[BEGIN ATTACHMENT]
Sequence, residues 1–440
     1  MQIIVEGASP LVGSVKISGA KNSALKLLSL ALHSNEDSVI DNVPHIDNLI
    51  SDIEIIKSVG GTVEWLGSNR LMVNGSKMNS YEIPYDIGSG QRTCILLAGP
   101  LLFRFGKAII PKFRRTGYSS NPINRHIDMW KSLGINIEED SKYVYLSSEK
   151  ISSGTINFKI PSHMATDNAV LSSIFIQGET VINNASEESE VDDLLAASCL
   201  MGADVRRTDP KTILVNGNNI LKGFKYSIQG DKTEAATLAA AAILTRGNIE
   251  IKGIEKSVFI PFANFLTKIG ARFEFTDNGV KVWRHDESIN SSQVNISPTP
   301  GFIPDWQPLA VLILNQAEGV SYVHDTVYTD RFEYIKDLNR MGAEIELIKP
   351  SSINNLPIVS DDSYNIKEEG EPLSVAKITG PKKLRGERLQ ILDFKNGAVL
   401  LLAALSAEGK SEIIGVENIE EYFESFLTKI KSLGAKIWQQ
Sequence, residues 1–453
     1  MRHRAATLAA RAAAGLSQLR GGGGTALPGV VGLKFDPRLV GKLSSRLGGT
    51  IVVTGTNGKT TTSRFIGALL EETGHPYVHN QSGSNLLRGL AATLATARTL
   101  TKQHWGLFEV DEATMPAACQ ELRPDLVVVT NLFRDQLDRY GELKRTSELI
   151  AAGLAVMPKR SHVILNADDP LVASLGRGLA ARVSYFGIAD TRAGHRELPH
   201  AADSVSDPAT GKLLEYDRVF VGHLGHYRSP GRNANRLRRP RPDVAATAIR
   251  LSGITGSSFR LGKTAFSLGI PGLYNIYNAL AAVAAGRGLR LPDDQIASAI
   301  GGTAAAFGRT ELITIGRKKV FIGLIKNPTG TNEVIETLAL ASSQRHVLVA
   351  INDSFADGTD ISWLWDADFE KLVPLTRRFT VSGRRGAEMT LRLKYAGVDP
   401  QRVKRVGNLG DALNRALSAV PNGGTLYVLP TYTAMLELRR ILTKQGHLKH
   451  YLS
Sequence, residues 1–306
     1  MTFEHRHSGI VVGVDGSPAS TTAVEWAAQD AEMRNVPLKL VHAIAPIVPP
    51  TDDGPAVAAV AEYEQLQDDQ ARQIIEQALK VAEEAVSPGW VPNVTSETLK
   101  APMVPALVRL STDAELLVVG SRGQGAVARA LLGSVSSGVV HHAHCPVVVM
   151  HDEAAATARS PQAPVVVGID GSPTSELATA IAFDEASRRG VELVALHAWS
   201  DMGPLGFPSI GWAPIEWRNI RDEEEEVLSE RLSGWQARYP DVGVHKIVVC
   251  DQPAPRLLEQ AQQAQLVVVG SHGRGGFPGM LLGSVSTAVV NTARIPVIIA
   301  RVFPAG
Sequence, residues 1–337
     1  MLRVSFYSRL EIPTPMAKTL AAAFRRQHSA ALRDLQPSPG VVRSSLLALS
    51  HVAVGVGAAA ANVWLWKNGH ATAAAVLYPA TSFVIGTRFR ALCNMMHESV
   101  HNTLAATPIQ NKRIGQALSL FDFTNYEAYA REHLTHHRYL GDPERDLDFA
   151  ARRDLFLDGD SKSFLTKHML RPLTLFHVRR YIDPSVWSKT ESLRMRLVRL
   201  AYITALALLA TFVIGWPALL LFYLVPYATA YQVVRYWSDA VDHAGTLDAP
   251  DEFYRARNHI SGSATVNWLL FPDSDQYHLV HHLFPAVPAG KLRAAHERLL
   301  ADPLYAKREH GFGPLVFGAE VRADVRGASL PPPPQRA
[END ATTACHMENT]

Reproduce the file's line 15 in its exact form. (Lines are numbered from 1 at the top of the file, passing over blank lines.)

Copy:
   151  AAGLAVMPKR SHVILNADDP LVASLGRGLA ARVSYFGIAD TRAGHRELPH